6. Ollmann MM, Wilson BD, Yang YK, Kerns JA, Chen Y, Gantz I, Barsh GS. Antagonism of central melanocortin receptors in vitro and in vivo by agouti-related protein. Science. 1997;278:135–138. [PubMed]
7. Bewick GA, Gardiner JV, Dhillo WS, Kent AS, White NE, Webster Z, Ghatei MA, Bloom SR. Post-embryonic ablation of AgRP neurons in mice leads to a lean, hypophagic phenotype. FASEB J. 2005;19:1680–1682. [PubMed]
8. Foster MT, Song CK, Bartness TJ. Hypothalamic paraventricular nucleus lesion involvement in the sympathetic control of lipid mobilization. Obesity (Silver Spring) 2010;18:682–689. [PubMed]
9. Leibowitz SF, Hammer NJ, Chang K. Hypothalamic paraventricular nucleus lesions produce overeating and obesity in the rat. Physiol Behav. 1981;27:1031–1040. [PubMed]
10. Gonzalez JA, Reimann F, Burdakov D. Dissociation between sensing and metabolism of glucose in sugar sensing neurones. J Physiol. 2009;587(Pt 1):41–48. [PubMed]
11. Xu B, Goulding EH, Zang K, Cepoi D, Cone RD, Jones KR, Tecott LH, Reichardt LF. Brain-derived neurotrophic factor regulates energy balance downstream of melanocortin-4 receptor. Nat Neurosci. 2003;6:736–742. [PMC free article] [PubMed]
12. Shimizu N, Oomura Y, Plata-Salaman CR, Morimoto M. Hyperphagia and obesity in rats with bilateral ibotenic acid-induced lesions of the ventromedial hypothalamic nucleus. Brain Res. 1987;416:153–156. [PubMed]
13. Jacobowitz DM, O'Donohue TL. Alpha-Melanocyte stimulating hormone: immunohistochemical identification and mapping in neurons of rat brain. Proc Natl Acad Sci U S A. 1978;75:6300–6304. [PubMed]
14. Bernardis LL, Bellinger LL. The dorsomedial hypothalamic nucleus revisited: 1986 update. Brain Res. 1987;434:321–381. [PubMed]
15. Ohno K, Sakurai T. Orexin neuronal circuitry: role in the regulation of sleep and wakefulness. Front Neuroendocrinol. 2008;29:70–87. [PubMed]
16. Marsh DJ, Weingarth DT, Novi DE, Chen HY, Trumbauer ME, Chen AS, Guan XM, Jiang MM, Feng Y, Camacho RE, Shen Z, Frazier EG, Yu H, Metzger JM, Kuca SJ, Shearman LP, Gopal-Truter S, MacNeil DJ, Strack AM, MacIntyre DE, Van der Ploeg LH, Qian S. Melanin-concentrating hormone 1 receptor-deficient mice are lean, hyperactive, and hyperphagic and have altered metabolism. Proc Natl Acad Sci U S A. 2002;99:3240–3245. [PubMed]
17. Schwartz GJ. The role of gastrointestinal vagal afferents in the control of food intake: current prospects. Nutrition. 2000;16:866–873. [PubMed]
18. Ellacott KL, Halatchev IG, Cone RD. Characterization of leptin-responsive neurons in the caudal brainstem. Endocrinology. 2006;147:3190–3195. [PubMed]
19. Hommel JD, Trinko R, Sears RM, Georgescu D, Liu ZW, Gao XB, Thurmon JJ, Marinelli M, DiLeone RJ. Leptin receptor signaling in midbrain dopamine neurons regulates feeding. Neuron. 2006;51:801–810. [PubMed]
20. Kim KS, Yoon YR, Lee HJ, Yoon S, Kim SY, Shin SW, An JJ, Kim MS, Choi SY, Sun W, Baik JH. Enhanced hypothalamic leptin signaling in mice lacking dopamine D2 receptors. J Biol Chem. 2010;285:8905–8917. [PubMed]
21. Zhang Y, Proenca R, Maffei M, Barone M, Leopold L, Friedman JM. Positional cloning of the mouse obese gene and its human homologue. Nature. 1994;372:425–432. [PubMed]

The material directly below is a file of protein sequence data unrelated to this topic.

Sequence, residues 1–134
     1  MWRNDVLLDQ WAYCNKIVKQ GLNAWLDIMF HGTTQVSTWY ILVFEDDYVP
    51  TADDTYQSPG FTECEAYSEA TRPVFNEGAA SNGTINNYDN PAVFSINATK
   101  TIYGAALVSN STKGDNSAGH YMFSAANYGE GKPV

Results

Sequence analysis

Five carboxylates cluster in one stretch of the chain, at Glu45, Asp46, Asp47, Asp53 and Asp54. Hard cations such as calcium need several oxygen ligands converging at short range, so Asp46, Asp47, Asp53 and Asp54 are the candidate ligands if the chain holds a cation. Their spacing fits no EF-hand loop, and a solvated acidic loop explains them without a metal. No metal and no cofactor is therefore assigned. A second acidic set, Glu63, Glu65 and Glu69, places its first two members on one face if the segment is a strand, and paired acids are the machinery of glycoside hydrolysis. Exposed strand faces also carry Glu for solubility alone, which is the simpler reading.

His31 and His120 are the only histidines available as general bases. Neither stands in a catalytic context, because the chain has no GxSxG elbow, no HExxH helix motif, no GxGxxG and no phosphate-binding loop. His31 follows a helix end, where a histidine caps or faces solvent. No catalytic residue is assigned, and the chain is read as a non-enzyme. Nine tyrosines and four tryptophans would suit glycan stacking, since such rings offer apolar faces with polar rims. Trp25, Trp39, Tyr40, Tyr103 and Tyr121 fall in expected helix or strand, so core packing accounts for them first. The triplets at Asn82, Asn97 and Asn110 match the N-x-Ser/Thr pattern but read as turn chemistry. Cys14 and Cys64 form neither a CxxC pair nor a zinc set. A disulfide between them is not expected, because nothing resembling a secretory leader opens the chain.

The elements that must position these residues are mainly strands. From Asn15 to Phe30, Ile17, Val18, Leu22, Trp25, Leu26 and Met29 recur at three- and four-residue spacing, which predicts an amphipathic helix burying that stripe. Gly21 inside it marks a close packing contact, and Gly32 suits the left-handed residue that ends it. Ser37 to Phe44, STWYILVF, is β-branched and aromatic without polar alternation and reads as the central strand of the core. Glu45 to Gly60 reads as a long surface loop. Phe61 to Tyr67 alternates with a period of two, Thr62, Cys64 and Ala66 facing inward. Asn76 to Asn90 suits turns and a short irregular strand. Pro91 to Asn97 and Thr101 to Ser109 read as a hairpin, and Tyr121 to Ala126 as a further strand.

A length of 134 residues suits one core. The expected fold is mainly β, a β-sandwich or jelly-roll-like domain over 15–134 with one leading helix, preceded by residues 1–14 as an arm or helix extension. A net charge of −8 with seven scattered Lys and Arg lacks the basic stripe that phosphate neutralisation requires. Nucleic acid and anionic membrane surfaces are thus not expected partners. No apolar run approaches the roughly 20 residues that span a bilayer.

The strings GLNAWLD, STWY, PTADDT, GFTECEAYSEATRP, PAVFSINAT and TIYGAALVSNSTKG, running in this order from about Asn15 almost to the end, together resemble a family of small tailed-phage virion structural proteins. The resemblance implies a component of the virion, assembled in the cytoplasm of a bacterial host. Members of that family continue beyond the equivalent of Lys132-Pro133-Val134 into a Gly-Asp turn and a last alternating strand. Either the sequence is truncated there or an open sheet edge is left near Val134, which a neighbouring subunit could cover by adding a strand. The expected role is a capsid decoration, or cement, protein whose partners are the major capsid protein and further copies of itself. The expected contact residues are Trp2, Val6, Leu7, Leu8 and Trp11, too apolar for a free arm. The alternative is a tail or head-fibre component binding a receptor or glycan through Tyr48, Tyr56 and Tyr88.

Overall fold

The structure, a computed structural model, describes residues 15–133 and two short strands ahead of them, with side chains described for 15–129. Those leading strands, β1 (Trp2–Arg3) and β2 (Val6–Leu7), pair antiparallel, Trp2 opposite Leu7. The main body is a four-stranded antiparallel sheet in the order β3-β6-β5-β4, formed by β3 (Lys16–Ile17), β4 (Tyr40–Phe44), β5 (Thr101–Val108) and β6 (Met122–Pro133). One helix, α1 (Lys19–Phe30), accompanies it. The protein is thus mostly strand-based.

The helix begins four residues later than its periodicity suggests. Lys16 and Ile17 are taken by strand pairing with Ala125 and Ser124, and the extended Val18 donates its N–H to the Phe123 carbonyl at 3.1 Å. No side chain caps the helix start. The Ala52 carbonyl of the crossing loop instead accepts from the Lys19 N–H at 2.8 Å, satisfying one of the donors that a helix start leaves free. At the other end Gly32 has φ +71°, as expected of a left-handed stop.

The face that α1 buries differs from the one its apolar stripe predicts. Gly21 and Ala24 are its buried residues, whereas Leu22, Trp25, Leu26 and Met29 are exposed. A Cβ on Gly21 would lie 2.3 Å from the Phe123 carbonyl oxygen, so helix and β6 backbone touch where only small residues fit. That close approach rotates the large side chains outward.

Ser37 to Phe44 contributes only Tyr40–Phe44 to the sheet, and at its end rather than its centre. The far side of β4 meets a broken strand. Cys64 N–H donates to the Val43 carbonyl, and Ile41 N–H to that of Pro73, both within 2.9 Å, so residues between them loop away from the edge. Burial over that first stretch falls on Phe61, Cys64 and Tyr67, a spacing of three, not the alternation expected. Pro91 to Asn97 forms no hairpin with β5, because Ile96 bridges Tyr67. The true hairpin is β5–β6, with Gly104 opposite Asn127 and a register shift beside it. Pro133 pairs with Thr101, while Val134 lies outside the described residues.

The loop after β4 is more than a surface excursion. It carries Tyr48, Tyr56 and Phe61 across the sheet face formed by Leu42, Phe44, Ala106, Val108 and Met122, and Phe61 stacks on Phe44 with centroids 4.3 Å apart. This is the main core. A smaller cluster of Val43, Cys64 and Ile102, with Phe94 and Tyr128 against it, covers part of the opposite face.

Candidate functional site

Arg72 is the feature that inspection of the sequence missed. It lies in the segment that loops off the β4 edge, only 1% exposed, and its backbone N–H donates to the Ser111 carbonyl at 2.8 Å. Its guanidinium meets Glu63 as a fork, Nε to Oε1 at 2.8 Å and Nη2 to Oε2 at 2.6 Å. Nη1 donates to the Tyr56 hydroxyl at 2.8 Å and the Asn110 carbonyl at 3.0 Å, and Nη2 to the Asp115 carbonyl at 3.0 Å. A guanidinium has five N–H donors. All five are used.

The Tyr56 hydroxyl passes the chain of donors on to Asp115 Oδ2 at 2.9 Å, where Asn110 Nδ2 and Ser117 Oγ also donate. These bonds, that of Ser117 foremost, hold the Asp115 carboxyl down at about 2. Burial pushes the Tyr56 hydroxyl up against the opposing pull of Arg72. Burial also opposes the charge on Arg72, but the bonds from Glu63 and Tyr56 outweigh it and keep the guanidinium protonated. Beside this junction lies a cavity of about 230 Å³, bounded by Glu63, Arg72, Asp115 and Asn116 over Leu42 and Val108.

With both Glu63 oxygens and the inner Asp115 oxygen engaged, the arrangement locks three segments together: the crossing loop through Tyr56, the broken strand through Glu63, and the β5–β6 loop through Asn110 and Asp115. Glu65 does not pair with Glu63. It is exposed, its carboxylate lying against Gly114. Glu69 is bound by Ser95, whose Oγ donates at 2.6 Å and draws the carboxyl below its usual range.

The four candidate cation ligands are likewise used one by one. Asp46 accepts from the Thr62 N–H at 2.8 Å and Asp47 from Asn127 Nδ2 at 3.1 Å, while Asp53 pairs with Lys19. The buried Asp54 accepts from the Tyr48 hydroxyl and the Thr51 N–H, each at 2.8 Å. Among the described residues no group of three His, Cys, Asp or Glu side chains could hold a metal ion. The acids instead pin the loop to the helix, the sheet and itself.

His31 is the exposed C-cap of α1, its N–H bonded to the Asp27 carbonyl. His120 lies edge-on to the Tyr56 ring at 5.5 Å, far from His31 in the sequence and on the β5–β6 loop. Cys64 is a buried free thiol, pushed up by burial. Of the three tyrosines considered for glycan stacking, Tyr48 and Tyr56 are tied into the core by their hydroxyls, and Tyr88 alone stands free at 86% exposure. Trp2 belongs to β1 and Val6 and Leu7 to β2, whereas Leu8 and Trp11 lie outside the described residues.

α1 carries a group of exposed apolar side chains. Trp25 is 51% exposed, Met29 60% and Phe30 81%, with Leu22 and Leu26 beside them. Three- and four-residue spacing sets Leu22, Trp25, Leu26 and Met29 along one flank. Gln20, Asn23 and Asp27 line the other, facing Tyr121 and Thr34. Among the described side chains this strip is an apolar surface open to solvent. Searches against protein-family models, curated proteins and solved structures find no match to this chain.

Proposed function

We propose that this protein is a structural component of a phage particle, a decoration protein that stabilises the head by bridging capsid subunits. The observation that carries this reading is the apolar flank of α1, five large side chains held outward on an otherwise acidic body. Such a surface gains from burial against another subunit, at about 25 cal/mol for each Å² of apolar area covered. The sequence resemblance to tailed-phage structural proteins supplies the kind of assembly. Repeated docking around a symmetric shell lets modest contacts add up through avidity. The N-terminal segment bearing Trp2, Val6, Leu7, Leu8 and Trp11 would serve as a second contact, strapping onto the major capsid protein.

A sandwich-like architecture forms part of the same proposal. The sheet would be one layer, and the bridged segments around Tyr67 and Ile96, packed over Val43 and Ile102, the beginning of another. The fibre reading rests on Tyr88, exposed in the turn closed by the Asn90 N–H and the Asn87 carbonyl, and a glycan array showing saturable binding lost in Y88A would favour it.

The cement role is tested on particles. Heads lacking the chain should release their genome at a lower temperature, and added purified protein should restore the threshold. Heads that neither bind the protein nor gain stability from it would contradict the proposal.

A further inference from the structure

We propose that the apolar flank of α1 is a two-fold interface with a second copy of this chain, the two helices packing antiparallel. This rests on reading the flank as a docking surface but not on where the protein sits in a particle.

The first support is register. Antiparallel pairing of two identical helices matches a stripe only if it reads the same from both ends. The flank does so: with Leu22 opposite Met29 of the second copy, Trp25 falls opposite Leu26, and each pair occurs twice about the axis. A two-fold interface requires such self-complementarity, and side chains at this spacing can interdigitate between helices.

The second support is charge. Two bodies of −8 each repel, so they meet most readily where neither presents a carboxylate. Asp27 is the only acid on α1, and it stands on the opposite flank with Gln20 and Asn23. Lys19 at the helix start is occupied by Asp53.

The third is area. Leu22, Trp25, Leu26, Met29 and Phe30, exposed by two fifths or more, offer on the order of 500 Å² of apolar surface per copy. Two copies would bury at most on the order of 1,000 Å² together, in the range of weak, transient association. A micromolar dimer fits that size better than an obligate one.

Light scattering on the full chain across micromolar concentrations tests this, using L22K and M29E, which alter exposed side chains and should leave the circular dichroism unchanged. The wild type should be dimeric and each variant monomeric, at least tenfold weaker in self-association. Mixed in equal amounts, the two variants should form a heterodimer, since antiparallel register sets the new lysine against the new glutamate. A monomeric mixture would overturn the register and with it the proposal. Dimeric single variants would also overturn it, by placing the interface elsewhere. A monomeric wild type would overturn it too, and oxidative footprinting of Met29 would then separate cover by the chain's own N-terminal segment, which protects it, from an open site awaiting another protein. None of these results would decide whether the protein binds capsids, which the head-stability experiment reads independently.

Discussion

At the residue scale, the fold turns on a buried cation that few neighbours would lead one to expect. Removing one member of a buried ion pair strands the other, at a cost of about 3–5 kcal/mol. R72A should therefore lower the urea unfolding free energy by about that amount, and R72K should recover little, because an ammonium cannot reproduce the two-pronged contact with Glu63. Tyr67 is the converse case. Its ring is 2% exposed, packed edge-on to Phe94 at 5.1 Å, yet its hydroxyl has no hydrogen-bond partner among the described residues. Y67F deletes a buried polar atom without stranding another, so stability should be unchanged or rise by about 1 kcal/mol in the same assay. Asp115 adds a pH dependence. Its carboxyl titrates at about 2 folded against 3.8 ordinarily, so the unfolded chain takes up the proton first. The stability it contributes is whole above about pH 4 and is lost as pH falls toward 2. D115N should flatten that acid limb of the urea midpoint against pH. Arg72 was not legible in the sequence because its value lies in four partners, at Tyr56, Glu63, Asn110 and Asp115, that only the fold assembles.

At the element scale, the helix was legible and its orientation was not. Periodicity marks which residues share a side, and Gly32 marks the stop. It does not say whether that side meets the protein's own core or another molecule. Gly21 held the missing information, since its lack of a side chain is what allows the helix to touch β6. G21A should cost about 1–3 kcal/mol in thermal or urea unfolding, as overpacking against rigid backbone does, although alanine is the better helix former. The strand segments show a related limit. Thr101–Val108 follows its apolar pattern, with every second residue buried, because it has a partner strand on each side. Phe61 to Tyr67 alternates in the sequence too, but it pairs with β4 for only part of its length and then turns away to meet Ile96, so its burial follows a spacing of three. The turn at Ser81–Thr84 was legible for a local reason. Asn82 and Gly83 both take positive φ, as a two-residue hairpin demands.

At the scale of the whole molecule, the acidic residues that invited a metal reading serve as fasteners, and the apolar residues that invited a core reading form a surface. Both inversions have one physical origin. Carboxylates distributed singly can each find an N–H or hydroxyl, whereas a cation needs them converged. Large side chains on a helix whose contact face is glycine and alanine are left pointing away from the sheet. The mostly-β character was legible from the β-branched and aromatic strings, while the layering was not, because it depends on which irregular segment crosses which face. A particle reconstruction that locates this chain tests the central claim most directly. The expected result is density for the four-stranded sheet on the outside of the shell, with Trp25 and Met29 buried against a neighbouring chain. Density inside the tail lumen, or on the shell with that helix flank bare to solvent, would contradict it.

22. Minokoshi Y, Alquier T, Furukawa N, Kim YB, Lee A, Xue B, Mu J, Foufelle F, Ferre P, Birnbaum MJ, Stuck BJ, Kahn BB. AMP-kinase regulates food intake by responding to hormonal and nutrient signals in the hypothalamus. Nature. 2004;428:569–574. [PubMed]
23. Sahu A. Leptin signaling in the hypothalamus: emphasis on energy homeostasis and leptin resistance. Front Neuroendocrinol. 2003;24:225–253. [PubMed]
24. Munzberg H. Leptin-signaling pathways and leptin resistance. Forum Nutr. 2010;63:123–132. [PubMed]
25. Nakamura Y, Sanematsu K, Ohta R, Shirosaki S, Koyano K, Nonaka K, Shigemura N, Ninomiya Y. Diurnal variation of human sweet taste recognition thresholds is correlated with plasma leptin levels. Diabetes. 2008;57:2661–2665. [PMC free article] [PubMed]
26. Licinio J, Caglayan S, Ozata M, Yildiz BO, de Miranda PB, O'Kirwan F, Whitby R, Liang L, Cohen P, Bhasin S, Krauss RM, Veldhuis JD, Wagner AJ, DePaoli AM, McCann SM, Wong ML. Phenotypic effects of leptin replacement on morbid obesity, diabetes mellitus, hypogonadism, and behavior in leptin-deficient adults. Proc Natl Acad Sci U S A. 2004;101:4531–4536. [PubMed]
27. Banks WA. Anorectic effects of circulating cytokines: role of the vascular blood-brain barrier. Nutrition. 2001;17:434–437. [PubMed]
28. Munzberg H, Flier JS, Bjorbaek C. Region-specific leptin resistance within the hypothalamus of diet-induced obese mice. Endocrinology. 2004;145:4880–4889. [PubMed]
29. Zhang X, Zhang G, Zhang H, Karin M, Bai H, Cai D. Hypothalamic IKKbeta/NF-kappaB and ER stress link overnutrition to energy imbalance and obesity. Cell. 2008;135:61–73. [PMC free article] [PubMed]
30. Corp ES, Woods SC, Porte D, Jr, Dorsa DM, Figlewicz DP, Baskin DG. Localization of 125I-insulin binding sites in the rat hypothalamus by quantitative autoradiography. Neurosci Lett. 1986;70:17–22. [PubMed]
31. Taniguchi CM, Emanuelli B, Kahn CR. Critical nodes in signalling pathways: insights into insulin action. Nat Rev Mol Cell Biol. 2006;7:85–96. [PubMed]
32. Bruning JC, Gautam D, Burks DJ, Gillette J, Schubert M, Orban PC, Klein R, Krone W, Muller-Wieland D, Kahn CR. Role of brain insulin receptor in control of body weight and reproduction. Science. 2000;289:2122–2125. [PubMed]
33. Gibbs J, Young RC, Smith GP. Cholecystokinin decreases food intake in rats. J Comp Physiol Psychol. 1973;84:488–495. [PubMed]